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The social environment and illness uncertainty in chronic obstructive pulmonary disease.
Hoth KF, Wamboldt FS, Ford DW, Sandhaus RA, Strange C, Bekelman DB, Holm KE. The social environment and illness uncertainty in chronic obstructive pulmonary disease. International Journal of Behavioral Medicine. 2015 Apr 1; 22(2):223-32.
Illness uncertainty is associated with worse outcomes in patients with chronic health conditions. Research on social factors associated with uncertainty has focused on the beneficial role of social support. The goal of this study was to develop a more nuanced understanding of the social factors that are associated with uncertainty.
Four hundred sixty-two individuals with alpha-1 antitrypsin deficiency (AATD)-associated chronic obstructive pulmonary disease (COPD) completed a mailed questionnaire. Measures of the social environment included general family functioning, perceived criticism from family members, whether the participant had family members with AATD or COPD, and participation in support groups. Uncertainty was measured using the Mishel Uncertainty in Illness Scale including subscales for ambiguity (uncertainty about physical cues and symptoms) and complexity (uncertainty about treatment and the medical system). Hierarchical regression was used to identify social correlates of ambiguity and complexity while adjusting for demographic and medical characteristics and psychological distress.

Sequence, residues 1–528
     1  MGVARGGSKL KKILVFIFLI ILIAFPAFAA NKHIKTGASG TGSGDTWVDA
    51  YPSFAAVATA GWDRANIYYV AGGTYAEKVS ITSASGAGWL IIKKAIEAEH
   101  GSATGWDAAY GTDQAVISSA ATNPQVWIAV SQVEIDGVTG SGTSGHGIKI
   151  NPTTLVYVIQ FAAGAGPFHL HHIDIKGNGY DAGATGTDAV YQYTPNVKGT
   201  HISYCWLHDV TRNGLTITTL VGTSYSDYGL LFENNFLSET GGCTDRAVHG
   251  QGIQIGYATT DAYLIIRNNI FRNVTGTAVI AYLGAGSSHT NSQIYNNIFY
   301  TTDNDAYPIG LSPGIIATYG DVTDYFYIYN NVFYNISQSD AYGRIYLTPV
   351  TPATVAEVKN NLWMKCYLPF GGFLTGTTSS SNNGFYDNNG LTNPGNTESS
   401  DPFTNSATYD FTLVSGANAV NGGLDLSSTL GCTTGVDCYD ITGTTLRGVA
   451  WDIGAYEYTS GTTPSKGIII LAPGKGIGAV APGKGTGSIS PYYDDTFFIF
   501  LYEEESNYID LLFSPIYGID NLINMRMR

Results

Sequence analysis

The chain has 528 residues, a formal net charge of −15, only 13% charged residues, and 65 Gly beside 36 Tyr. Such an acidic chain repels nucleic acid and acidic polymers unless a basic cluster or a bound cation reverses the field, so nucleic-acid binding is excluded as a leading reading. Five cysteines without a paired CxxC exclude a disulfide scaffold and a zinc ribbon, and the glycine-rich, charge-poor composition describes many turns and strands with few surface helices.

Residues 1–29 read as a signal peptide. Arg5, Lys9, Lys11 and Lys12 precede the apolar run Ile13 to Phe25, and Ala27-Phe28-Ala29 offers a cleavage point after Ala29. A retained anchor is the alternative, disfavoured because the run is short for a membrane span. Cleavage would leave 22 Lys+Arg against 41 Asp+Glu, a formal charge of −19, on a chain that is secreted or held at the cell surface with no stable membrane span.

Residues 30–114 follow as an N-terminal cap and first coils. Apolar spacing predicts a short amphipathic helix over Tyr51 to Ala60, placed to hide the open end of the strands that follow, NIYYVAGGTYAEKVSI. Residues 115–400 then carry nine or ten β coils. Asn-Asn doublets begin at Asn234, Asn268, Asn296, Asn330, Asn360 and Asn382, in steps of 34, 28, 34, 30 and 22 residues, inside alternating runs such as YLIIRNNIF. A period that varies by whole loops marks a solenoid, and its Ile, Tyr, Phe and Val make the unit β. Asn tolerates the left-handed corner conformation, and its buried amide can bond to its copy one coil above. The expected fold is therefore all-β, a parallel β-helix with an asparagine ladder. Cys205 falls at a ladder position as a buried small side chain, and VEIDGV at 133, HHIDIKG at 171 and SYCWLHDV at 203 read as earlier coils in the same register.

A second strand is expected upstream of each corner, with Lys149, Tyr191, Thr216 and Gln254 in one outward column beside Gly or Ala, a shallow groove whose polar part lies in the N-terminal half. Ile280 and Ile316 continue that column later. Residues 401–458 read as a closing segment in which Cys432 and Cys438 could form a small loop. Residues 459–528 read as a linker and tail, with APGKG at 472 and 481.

Perceived criticism was associated with more complexity (b = 0.21, SE = 0.09, p = 0.015) and ambiguity (b = 0.40, SE = 0.12, p = 0.001). Having a family member with AATD or COPD was associated with more ambiguity (b = 3.28, SE = 1.00, p = 0.001). Participation in support groups was associated with less ambiguity. Individuals who attended three or more support groups in the prior year reported less ambiguity than individuals who had not attended any (b = -3.31, SE = 1.29, p = 0.010).
The social environment is complex and encompasses more than social support. Multiple aspects of the social environment are associated with uncertainty, including perceived criticism, having a family member with a similar illness, and participation in support groups.